1) There’s a record on Voyager for aliens to listen to.
NASA placed upon Voyager, a time capsule designed to communicate the story of earth to any extraterrestrials who may encounter it. Included in the bounty was a 12-inch gold-plated copper disk and stylus poised to play the record from the beginning. Accompanying it are instructions indicating how the record should be played, shown by a series of symbols and drawings. Looking at it, it’s about as clear as an IKEA instruction manual. Let’s hope that whoever or whatever finds it has experience with flat-pack furniture assembly and an Allen key (not included). Joking aside, the disk also contains the location of our solar system and our place within it, so they can come find us if they have any questions.
2) Beethoven’s Fifth Symphony was recorded onto the first 12-inch vinyl record.
Rather fittingly, Beethoven’s Fifth Symphony was also included on ‘The Golden Record’ but did you know that it was also the first 12-inch recording on vinyl? Phonographic records were originally pressed into shellac and did coexist with vinyl for some time before shellac was phased out in the 1950s. Performed by the Philadelphia Orchestra under Leopold Stokowski, the format wasn’t a success. Competition from radio and the Great Depression are cited as reasons why it didn’t take off. It wasn’t until the post-war period and the unveiling of the LP by Columbia records that vinyl came into its own.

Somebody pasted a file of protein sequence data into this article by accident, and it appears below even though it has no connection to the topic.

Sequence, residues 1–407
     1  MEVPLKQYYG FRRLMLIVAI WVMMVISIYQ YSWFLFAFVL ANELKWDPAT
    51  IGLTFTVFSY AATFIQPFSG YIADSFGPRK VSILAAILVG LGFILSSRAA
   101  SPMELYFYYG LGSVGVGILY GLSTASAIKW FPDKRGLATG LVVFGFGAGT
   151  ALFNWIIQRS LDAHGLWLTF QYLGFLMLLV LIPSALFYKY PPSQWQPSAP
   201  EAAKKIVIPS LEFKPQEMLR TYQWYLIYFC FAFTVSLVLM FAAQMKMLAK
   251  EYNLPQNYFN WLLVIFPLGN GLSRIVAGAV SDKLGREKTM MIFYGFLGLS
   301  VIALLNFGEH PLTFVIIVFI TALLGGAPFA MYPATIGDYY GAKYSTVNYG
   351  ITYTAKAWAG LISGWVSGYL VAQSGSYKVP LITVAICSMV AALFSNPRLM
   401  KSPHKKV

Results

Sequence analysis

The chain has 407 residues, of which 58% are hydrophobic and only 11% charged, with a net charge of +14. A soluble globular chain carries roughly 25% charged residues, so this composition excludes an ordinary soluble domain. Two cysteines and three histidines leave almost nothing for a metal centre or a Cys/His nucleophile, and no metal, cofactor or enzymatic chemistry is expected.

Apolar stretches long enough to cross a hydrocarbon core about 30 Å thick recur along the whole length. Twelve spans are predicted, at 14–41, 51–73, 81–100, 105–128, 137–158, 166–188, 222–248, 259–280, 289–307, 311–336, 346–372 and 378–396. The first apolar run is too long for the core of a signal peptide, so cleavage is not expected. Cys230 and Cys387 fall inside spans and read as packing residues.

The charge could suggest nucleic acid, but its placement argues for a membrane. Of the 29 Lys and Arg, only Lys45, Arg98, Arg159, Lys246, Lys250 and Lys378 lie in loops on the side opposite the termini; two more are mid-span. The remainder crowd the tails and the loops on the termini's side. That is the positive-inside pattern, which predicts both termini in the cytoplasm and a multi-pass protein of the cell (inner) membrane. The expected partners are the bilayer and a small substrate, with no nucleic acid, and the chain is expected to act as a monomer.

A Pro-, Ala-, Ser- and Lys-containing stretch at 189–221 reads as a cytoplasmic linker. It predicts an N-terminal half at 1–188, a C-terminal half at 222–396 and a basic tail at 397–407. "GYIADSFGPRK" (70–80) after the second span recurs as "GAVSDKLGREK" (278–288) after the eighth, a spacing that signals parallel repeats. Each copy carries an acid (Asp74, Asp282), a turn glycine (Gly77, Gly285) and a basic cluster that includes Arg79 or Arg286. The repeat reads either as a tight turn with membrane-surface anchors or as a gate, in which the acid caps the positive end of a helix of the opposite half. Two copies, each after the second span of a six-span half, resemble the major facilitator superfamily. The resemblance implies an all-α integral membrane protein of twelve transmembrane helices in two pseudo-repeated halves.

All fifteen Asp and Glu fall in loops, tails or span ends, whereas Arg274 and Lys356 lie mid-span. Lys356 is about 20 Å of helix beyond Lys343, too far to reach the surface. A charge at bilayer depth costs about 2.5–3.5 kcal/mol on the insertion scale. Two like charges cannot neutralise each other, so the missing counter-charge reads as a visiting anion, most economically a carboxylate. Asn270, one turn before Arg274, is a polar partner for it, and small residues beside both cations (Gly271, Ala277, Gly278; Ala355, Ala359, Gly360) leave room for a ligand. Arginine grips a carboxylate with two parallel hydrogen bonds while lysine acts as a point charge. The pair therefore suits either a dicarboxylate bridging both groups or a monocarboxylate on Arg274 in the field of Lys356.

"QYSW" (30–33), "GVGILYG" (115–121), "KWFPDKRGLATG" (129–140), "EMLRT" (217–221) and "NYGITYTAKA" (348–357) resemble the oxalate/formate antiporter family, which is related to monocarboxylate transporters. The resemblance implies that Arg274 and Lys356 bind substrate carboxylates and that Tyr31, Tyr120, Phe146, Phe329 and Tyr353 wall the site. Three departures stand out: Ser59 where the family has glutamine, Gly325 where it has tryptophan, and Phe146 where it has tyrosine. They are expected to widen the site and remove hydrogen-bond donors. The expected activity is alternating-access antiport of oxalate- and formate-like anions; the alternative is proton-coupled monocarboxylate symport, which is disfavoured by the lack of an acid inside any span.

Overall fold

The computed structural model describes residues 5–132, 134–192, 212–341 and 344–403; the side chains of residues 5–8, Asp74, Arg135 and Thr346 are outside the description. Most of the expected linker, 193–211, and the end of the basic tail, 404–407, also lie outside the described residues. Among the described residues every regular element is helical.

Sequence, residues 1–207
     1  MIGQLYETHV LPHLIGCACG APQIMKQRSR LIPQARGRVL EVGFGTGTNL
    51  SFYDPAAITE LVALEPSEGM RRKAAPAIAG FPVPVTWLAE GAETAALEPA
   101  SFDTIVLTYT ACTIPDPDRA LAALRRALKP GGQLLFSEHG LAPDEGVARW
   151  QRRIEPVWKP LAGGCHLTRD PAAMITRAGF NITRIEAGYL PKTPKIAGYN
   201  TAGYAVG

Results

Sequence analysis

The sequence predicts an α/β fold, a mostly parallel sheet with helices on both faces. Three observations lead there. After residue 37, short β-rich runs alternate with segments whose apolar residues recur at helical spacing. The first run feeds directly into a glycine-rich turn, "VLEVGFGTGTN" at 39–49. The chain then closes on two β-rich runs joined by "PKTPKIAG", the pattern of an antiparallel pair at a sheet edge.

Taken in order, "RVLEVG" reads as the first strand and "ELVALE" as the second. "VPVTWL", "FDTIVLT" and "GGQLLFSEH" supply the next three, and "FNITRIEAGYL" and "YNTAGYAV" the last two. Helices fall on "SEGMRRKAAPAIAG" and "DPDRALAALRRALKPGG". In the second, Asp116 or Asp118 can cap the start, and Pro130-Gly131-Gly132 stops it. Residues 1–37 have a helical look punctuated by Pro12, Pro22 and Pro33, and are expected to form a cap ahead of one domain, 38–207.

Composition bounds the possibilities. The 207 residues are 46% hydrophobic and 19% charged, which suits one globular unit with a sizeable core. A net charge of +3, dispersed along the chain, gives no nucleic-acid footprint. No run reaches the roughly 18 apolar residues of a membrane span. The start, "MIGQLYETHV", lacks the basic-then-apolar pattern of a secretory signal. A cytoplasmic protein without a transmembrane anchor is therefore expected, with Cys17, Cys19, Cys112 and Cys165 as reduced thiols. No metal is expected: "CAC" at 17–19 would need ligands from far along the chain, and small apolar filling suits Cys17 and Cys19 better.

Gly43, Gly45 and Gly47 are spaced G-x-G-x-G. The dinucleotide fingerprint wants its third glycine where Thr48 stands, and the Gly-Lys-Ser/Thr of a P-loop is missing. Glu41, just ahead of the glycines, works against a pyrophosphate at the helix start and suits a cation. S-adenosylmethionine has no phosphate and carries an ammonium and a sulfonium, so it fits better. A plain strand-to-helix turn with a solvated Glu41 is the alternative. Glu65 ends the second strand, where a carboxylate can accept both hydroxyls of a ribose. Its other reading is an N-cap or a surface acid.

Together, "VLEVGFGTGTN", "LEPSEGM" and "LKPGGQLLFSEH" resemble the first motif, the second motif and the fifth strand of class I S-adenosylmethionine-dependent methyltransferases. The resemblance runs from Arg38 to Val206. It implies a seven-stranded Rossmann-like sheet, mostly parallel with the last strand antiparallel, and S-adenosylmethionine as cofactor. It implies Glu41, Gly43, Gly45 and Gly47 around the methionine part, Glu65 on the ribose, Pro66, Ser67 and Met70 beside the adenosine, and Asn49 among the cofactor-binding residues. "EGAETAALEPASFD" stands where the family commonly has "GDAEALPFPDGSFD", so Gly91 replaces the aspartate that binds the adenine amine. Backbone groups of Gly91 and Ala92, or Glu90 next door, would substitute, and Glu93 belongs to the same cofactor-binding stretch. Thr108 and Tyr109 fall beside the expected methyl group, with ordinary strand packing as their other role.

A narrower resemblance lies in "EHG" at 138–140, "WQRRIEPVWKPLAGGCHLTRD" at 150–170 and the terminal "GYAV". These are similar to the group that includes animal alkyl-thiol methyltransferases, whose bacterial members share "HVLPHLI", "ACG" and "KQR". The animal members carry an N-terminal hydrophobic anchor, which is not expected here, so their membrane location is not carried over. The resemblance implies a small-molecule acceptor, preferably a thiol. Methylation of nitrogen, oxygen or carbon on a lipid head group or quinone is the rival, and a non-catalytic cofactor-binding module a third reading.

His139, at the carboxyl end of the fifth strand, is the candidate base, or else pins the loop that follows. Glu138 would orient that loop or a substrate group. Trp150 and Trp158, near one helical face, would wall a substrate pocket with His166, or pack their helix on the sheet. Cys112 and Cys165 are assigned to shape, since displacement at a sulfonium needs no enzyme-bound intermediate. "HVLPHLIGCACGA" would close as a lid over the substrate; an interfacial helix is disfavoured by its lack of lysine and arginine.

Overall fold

3) Why records spin at 33 1/3 revolutions per minute (RPM).
Thomas Edison started recording sound with his wax cylinder back in 1877. Inventor Emile Berliner improved on Edison’s cylinder with a flat disc, the kind we’re used to seeing today. The downside of this being in the 19th Century was that in order to play, a person was required to manually crank the handle to rotate the platter. I’m sure you can imagine that. Something had to be done, people had sore arms and playback speeds varied depending on who was doing the cranking. Shotgun not me! A motor was introduced to counter this problem which played at 78 RPM. Turned out that 78s weren’t practical, as only 11 minutes of recordings fit on each side. With the invention of ‘talkies’, it became apparent that soundtracks couldn’t fit onto records playing at 78 RPM. The Vitaphone system was introduced in 1929 using a 3,600 RPM motor and switched onto a gear with 108:1 ratio resulting in the 33 1/3 RPM we know as standard today and the proliferation of the LP (long playing) format.
4) Songs closer to the centre of a record sound worse than those on the outside.
Also known as ‘inner-groove’ or ‘end-of-side’ distortion, no this is not an urban legend and what does this catchy name have to do with listening to vinyl you say? In layman’s terms, there is more vinyl per second available at the outer grooves of a record than at the smaller part near the label. As a result of this, wavelengths become shorter and more compressed as you get to closer to the centre of the record. This makes it harder for the stylus to track accurately and can result in tracking errors. It’ll be more noticeable on louder tracks, which is why you’ll find them on the outside and the quieter tracks on the inside. So, there you go, geometry!
5) The most expensive vinyl ever sold is owned by the US Federal Government.